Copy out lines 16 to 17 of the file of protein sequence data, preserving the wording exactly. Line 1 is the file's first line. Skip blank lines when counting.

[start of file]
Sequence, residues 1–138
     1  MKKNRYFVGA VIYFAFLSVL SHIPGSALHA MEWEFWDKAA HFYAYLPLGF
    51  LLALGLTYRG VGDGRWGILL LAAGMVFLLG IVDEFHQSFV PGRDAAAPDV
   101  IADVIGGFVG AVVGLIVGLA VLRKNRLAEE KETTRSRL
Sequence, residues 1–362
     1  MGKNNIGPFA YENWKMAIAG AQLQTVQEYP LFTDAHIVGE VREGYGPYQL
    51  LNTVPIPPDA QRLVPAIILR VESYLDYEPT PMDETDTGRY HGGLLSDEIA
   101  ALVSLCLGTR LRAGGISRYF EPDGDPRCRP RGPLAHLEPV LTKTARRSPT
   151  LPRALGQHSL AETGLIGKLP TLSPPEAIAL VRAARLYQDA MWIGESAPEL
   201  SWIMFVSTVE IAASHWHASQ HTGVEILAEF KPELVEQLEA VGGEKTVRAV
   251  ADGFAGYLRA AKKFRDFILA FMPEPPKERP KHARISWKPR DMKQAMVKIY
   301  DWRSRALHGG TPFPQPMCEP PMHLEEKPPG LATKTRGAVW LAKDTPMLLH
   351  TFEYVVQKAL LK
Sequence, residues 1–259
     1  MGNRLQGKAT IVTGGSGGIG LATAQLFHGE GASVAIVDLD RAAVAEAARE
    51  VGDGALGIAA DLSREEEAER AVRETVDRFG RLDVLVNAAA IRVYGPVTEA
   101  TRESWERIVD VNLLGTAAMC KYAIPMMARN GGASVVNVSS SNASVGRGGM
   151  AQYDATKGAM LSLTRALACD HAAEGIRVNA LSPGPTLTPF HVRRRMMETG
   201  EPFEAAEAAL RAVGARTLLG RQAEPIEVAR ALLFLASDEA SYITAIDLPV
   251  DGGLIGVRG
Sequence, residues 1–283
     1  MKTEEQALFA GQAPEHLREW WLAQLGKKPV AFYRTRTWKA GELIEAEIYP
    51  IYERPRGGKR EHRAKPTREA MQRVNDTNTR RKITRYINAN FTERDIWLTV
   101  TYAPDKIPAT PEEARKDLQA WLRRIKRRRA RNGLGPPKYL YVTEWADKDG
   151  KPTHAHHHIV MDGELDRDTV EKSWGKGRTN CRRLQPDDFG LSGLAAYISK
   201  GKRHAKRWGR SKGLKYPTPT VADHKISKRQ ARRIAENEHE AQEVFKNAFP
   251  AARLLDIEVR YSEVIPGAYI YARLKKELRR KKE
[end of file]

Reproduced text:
    51  VGDGALGIAA DLSREEEAER AVRETVDRFG RLDVLVNAAA IRVYGPVTEA
   101  TRESWERIVD VNLLGTAAMC KYAIPMMARN GGASVVNVSS SNASVGRGGM